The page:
Monday, September 09, 2013

Derivative Miscellany

This, as it happens, is our countdown week for a trip to France. I am already feeling the stirrings of mild panic. We leave on Saturday evening from Trudeau International Airport in Montreal on an Air Transat flight that will deposit us in Marseilles at 1140 local time Sunday September 15th. One of those dreadful try-and-get-a-few-hours-sleep in a tiny airline seat at 35,000 feet over the Atlantic Ocean. Been there, done that, as the trite saying has it. And more than once. One wishes for the development of the fabulous Star Trek gismo that has one saying something like "Beam me over there, Scottie!" And have the croissant and piping hot café-au-lait waiting for us on arrival. Please?

Well, that won't happen. We will however hope to be conscious, and even sentient, upon arrival, able to navigate ourselves and our overstuffed suitcases to our hotel. And then able to explore the old city of Marseilles during the afternoon - an on-and-off bus tour of the city is one possibility - before settling down, sevenish, for a sumptuous dinner of Mediterranean seafood and a crisp cold bottle of white wine. And then, hopefully, a good night's sleep. On that part of the wish list, I will see my friendly MD on Wednesday and request a prescription for mild sleeping pills to ease my way through the otherwise sleepless night in the aforementioned tiny aircraft seat. They do help, these little chemical wonders. The trick, of course, to be able to titrate the dose and wake up and face the new day on the other side of the Atlantic, sans fuzziness of brain.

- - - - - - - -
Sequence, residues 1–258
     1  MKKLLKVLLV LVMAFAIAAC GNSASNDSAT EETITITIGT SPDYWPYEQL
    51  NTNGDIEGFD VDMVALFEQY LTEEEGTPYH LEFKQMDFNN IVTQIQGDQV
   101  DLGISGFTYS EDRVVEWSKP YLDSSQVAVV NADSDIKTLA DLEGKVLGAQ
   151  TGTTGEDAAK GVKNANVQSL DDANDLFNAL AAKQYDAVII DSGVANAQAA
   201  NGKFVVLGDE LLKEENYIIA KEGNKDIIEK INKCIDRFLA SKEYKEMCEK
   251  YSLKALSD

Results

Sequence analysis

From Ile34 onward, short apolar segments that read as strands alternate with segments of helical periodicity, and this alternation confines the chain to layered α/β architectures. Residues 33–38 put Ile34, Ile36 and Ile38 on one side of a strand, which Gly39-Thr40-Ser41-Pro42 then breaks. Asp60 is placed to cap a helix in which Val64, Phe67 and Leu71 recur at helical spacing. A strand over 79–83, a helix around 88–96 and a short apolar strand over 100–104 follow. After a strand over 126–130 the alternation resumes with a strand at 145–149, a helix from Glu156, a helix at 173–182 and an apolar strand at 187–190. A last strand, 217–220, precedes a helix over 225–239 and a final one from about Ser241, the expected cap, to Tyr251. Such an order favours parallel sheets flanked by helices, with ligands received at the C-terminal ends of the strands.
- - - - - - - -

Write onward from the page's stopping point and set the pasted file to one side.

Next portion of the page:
One item we will be bringing with us is the original Word version of Mary Lou Longworth's guest blog entry on the New/Old Marseilles, from June 15th this year:

http://typem4murder.blogspot.ca/2013/06/guest-blogger-ml-longworth.html

It was very clever of me to arrange that, I think, although the original motivation for the guest blog was a positive review of Mary Lou's most recent mystery novel in the Times by Marilyn Stasio. In any event, we will have in hand a detailed guide to Marseilles.

As an aside to that part of our trip, at brunch yesterday, my daughter Kristina asked why we had decided to start our trip in Marseilles, rather than Paris. My response? That this was the place where Jason Bourne (aka Matt Damon) came ashore, lost in an amnesic fog, from his near-death experience at the hands of an African despot in the Mediterranean, before being rescued by a French fishing boat. One of my fave films, by the way.





Yes, that was the original motivation, odd though it may seem. But I already knew, of course, that there would be a lot of interesting things to see in Marseilles. (Think also about The French Connection, with Gene Hackman, which also starts in Marseilles. So much of my life is governed by films.) And additional research has proven this to be true.

In preparation for the trip - to perform a riff on several recent Type M posts on the horrors of rapidly-advancing technology - I took myself out last Tuesday to purchase a new notebook to take on the trip. The one I settled on was a Hewlett Packard 2000. It was the cheapest one available at my local Best Buy store. I was told it was the "entry level" unit, but it seemed nonetheless to have about twice the computing power of the first Lunar Lander, and was equipped with Wi-Fi, and the latest bit of Microsoft Magic, Windows 8. And of course that proved to be almost totally incomprehensible. When I fired it up the screen was plastered with all these weird Windows 8 tiles, almost none of which did very much for me. Except inspire panic.